The final section is “Paperback Rights and Prices.” Here you will choose which territorial rights you own, your primary market, your book’s list price, and any extended distributions such as bookstores, libraries, and online retailers. Beth suggests that when selecting a price, you look at other books in your category and don’t price it above the average. Basically, royalties are calculated at sixty percent of the list price minus the cost of printing.

Another consideration is pricing in foreign countries. Foreign sales through Amazon receive a 60 percent royalty and those sold through other channels are calculated at 40 percent. Before publishing your book, please obtain a proof copy, as some errors will not prevail in the electronic preview, but will appear in the actual physical proof copy.

Once you’re happy with your proof copy, you can click the Publish button and your book should appear on Amazon within seventy-two hours. Of course, now begins the hardest part of being an author, promoting your book.


If you also want to publish an eBook edition, Beth’s book takes you through those steps as well. While basically the same as the paper book process, they differ in a few ways. As such, she walks you through them in Appendix A of her book. First, sign in to her account and, just to the right of her book cover, click the blue words “+ Create Kindle eBook.” Many of the boxes have already been filled in for you. Make sure they have the correct information. His book goes on to explain where the information would be different. These include the age and grade range box and the pre-order box.

The Manuscript Box has several options that need to be addressed. One consideration is to limit sharing this book with others. You will also need a new ISBN for your e-book edition. Also, the options for your cover are fewer than for your print book with respect to font type and color.

Once you’ve uploaded your manuscript and cover, you can preview it on your computer or Kindle device. Your text may not look the same as it does on a printed page. This depends on the digital device used to read the pages of your book and some devices may cut off in places you didn’t want.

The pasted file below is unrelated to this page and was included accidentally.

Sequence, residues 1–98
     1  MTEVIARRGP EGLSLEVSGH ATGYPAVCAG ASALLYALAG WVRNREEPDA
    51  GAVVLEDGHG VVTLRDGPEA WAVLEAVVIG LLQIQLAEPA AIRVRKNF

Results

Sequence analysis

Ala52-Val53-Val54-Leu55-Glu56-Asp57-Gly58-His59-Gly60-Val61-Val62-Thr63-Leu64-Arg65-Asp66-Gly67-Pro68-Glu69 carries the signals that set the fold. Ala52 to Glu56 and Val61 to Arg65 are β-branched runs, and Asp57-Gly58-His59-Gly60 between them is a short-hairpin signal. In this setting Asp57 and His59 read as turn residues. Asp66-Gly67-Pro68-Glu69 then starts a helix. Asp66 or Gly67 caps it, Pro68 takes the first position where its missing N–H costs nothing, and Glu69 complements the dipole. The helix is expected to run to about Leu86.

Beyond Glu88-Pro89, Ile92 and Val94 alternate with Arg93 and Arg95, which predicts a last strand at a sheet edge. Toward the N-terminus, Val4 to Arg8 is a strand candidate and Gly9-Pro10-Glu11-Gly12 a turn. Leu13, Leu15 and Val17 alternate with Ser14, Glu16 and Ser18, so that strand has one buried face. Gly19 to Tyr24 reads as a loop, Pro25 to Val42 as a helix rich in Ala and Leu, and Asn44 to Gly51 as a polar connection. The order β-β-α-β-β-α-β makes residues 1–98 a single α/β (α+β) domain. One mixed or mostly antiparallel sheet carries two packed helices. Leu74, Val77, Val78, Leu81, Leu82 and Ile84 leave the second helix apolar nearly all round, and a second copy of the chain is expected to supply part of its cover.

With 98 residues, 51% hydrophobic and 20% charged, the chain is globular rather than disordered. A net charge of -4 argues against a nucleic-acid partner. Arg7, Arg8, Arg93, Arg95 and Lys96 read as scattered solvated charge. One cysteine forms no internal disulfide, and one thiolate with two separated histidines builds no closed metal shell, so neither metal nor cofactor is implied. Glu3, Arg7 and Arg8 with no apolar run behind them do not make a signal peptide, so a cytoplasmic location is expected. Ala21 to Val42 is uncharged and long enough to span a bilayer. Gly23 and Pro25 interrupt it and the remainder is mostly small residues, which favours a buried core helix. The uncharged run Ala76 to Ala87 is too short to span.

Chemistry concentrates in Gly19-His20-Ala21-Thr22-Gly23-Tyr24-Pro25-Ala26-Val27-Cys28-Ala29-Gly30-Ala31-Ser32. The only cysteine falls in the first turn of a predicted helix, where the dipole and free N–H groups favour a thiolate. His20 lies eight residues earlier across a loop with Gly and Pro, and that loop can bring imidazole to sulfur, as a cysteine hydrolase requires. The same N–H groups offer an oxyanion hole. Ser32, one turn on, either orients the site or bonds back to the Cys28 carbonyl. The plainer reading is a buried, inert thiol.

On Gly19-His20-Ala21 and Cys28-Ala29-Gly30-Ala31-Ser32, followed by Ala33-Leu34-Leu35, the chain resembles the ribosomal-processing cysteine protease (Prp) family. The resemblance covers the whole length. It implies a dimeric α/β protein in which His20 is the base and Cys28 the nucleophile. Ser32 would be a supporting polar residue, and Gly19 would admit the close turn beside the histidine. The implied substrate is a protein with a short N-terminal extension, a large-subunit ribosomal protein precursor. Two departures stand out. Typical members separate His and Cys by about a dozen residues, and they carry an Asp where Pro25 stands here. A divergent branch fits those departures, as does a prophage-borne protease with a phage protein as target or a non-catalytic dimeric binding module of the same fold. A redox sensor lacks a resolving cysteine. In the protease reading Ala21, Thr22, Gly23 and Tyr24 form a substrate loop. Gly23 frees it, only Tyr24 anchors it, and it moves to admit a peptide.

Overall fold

If you want KDP to be your exclusive eBook publisher, join KDP Select. KDP Select benefits include being available on Kindle Unlimited and receiving a 70 percent royalty versus 35 percent royalty. The book covers additional benefits.

Pricing your book follows the same principles as the print version. Check prices on similar books. Foreign sales and price conversions are made based on the country’s daily exchange rate.

The Matchbook arrangement allows paperback buyers a discount on the price of their Kindle edition. Beth highlights the pros and cons of this option. Another optional program is Book Lending, which allows buyers to lend their e-book to friends or family for up to fourteen days. If you opt for the KDP Select program, the seventy percent royalty, you are automatically locked to a “Yes” on these options.

The last item is the terms and conditions box and must be accepted before submitting your e-book. Once you’re happy with your answers uploaded to all boxes, click the “Publish Your Kindle eBook” button and your book should appear on Amazon in seventy-two hours.

The final section of the book covers the next steps, tips and tricks. These include how to order author copies of your book, determine the number of books sold, and royalties received. It also covers how to change the text in your submitted book, creating your central author account and your author profile. With your Author Central account, you can track the sale of your book. Customer reviews are also covered in this section and you can comment on them,

When your book ranks one hundred or less in your book navigation category, you earn the honor of an Amazon bestseller. Beth shows you how to choose the best search category for her book and how to navigate this maze to get on this list.

This review covers a portion of the instructions offered in this book. It gives you an overview of the process. Beth writes on a variety of topics and consults with authors who wish to self-publish her work. More information is available on her website,